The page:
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COLORADO / Political Science / POLSCI 2012 / Are social identities always political or politicized? if not, what is

Are social identities always political or politicized? if not, what is

Are social identities always political or politicized? if not, what is

Description

School: University of Colorado at Boulder
Department: Political Science
Course: Intro to Comparative Politics
Professor: Andy baker
Term: Fall 2015
Tags:
Cost: 50
Name: Final Exam Study Guide
Description: This is my study guide for the final exam. These are the things Professor Baker included in his email but the final is cumulative so look over study guides for the first two midterms too. Good luck and I hope this helps!
Uploaded: 12/07/2015
4 Pages 47 Views 8 Unlocks
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Saturday, December 5, 2015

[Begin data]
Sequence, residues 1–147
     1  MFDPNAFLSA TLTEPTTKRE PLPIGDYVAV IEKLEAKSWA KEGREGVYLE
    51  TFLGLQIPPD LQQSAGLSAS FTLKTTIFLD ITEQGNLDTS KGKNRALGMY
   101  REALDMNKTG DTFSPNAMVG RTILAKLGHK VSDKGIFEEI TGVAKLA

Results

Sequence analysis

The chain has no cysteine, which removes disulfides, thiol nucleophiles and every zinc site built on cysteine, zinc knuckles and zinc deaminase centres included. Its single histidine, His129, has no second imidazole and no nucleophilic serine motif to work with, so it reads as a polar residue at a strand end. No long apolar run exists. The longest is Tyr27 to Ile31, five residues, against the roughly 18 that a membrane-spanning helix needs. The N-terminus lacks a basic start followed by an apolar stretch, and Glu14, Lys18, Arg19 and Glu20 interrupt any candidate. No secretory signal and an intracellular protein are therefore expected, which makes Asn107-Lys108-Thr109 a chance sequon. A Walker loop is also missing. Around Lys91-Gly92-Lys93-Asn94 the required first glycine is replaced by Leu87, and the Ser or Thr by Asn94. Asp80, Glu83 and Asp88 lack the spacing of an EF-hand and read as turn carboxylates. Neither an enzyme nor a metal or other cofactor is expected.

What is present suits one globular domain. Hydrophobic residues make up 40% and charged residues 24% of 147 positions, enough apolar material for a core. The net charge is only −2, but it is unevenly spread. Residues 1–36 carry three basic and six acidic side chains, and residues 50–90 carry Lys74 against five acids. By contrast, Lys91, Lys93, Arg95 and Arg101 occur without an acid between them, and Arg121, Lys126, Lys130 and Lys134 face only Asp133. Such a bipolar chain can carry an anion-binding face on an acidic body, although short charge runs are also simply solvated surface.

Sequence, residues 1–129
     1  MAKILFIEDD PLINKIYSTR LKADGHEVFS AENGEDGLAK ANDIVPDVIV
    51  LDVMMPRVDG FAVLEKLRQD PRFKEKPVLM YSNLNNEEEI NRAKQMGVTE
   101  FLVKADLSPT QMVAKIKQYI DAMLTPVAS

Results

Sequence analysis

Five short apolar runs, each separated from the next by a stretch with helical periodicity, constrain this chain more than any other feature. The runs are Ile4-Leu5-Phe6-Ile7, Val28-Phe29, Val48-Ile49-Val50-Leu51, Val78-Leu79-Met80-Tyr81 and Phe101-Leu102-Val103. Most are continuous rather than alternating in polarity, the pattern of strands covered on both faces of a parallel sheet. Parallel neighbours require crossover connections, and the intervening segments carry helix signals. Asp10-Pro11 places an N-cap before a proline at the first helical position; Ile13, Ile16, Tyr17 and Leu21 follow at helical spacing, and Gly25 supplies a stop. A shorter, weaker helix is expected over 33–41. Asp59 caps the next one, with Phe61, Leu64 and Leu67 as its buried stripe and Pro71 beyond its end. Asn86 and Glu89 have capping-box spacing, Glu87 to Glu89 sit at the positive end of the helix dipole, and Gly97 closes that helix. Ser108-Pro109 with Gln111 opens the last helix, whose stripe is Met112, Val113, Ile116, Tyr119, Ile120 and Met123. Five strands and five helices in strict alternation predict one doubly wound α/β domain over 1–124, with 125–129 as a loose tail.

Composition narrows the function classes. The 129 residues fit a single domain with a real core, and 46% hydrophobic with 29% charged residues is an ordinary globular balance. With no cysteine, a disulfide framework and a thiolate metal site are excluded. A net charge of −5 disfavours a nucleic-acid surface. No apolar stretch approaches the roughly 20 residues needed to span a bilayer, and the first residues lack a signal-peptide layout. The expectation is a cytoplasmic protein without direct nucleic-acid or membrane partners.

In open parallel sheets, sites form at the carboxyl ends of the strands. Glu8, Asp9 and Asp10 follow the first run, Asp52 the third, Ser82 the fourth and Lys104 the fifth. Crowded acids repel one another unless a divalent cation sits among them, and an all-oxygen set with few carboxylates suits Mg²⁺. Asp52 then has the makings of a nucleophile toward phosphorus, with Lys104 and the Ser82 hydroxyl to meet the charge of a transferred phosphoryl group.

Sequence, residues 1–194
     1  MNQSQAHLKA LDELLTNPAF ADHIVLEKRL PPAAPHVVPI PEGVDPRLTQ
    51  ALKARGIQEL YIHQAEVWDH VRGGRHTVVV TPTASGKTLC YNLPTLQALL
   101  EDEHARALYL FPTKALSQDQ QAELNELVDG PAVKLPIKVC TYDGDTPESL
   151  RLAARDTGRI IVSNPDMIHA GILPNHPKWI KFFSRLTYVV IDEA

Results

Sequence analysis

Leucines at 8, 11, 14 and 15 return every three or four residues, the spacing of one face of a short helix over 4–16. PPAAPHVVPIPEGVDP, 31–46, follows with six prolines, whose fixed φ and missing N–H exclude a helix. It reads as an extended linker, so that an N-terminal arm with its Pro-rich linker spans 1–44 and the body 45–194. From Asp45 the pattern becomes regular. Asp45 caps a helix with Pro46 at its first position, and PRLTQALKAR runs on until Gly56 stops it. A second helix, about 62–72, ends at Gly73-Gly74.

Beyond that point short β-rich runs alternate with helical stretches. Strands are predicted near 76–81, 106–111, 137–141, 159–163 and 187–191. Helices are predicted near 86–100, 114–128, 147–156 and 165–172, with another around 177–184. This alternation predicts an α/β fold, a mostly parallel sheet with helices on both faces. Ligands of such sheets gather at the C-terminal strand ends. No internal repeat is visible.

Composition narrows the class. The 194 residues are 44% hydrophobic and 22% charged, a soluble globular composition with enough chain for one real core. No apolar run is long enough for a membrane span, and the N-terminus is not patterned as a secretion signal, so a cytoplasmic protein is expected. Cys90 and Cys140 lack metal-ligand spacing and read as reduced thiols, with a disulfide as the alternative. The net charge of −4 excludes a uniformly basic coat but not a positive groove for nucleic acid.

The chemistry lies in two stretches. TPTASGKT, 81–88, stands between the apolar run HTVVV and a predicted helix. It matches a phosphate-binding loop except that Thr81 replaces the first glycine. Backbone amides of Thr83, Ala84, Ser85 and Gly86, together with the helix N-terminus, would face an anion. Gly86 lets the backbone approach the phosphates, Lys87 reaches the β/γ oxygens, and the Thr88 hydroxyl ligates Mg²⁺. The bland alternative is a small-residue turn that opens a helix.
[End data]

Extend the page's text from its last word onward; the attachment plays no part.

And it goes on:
Are social identities always political or politicized? if not, what is likely to make them politicized?



Final Exam Study Guide

Concepts  

- Social Identity: the sense of belonging to a group that constitutes an important part  of a person’s self-definition and self-differentiation from others

- Political Identity: a social identity that is relevant to contestation over public  authority, a politicized group is one that makes ingroup-specific demands on the  political system  

- Primordialism: politicization of identity is innate  

- Constructivism: politicization of identity is created/constructed by society  - Class consciousness: self awareness of the political implications of being a member  of a particular economic class (Marx)  


What is secularization and where is it occurring and not occurring?